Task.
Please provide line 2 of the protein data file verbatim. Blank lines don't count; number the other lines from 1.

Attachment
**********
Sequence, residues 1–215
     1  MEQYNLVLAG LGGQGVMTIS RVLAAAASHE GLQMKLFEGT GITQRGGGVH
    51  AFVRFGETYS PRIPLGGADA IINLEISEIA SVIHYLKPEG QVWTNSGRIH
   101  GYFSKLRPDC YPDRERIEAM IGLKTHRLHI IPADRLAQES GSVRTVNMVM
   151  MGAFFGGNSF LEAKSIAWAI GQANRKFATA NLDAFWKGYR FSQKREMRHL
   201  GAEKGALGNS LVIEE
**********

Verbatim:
     1  MEQYNLVLAG LGGQGVMTIS RVLAAAASHE GLQMKLFEGT GITQRGGGVH